Wichita, KS

Wichita, KS has a population of 390,566 and the largest ethnic groups in the city are White, Hispanic, and Black or African American. About 10% of the city’s population is foreign born, with 94.5% of residents holding US citizenship. More than 25,000 students are enrolled in the city’s colleges and universities. Wichita isn’t a traditional college town but it does offer a great education.

4 Year Colleges and Online Universities in Wichita, Kansas

Wichita is home to Wichita State University, Newman University, Wichita Technical Institute, and Friends University, which are accredited by the Higher Learning Commission. Famous Wichita State University alumni include Paul Wight, Shirkely Knight, and Austin Reaves. The city’s colleges and universities offer many online programs.

Community Colleges in Wichita

The main two-year college in Wichita is Butler Community College. Popular majors include Nursing Assistant & Patient Care Assistant, General Business Administration & Management, and Elementary Education & Teaching.

Wichita Facts

Wichita was the birthplace of Kirstie Alley, Joe Walsh, and Lindsey Wixson. The top occupations among the city’s residents are office and administrative support, sales and related occupations, and management. Top employment sectors for Wichita’s residents are manufacturing, healthcare and social assistance, and retail. Wichita has more than 33 museums, 22 attractions, eight shopping districts, 22 theaters, and many festivals throughout the year.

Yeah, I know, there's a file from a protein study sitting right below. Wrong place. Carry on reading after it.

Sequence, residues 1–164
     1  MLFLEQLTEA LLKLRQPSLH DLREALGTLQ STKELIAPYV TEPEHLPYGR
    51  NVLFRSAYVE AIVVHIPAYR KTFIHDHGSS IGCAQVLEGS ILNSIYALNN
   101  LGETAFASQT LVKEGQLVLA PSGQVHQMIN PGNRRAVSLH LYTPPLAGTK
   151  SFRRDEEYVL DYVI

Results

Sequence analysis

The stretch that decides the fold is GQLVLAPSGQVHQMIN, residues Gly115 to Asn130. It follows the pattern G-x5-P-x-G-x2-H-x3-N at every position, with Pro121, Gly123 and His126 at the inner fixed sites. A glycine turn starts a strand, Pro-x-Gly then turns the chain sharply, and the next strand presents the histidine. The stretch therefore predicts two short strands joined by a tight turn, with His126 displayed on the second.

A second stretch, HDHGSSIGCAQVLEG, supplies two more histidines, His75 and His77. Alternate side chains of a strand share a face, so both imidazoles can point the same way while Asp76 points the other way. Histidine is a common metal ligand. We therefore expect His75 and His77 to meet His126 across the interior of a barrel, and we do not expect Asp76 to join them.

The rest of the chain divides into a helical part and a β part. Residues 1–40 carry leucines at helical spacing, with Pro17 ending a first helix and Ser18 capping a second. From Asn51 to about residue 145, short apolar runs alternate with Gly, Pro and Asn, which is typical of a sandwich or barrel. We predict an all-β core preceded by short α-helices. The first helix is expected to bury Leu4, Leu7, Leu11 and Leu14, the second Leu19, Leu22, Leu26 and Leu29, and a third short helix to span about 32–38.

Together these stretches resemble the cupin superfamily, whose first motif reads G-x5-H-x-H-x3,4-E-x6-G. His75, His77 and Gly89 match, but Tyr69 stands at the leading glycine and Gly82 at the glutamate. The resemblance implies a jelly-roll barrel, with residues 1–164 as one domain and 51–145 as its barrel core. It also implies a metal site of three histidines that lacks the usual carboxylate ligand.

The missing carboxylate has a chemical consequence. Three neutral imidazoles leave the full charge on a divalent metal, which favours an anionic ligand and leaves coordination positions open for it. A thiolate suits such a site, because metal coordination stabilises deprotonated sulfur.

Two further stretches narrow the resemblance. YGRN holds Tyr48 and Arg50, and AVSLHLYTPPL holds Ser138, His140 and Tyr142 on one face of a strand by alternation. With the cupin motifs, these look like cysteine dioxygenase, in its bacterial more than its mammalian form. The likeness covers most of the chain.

Famous attractions in Wichita include the Keeper of the Plains, Botanica Wichita, Sedgwick County Zoo, the Museum of World Treasures, Arkansas River Bike Path, and Tanganyika Wildlife Park. Wichita tourists also enjoy visiting the Old Cowtown Museum, Exploration Place, Wichita Art Museum, Kansas Aviation Museum, the Frank Lloyd Wright Allen House, and Old Town Wichita. Wichita’s well known sports teams include Wichita Thunder, Wichita Force, Wichita Wizards, and Wichita Wind Surge. You probably didn’t know Wichita was founded in 1864 as a trading post, and later became a destination for cattle drives traveling north from Texas. This earned it the nickname “Cowtown.”

Scroll to Top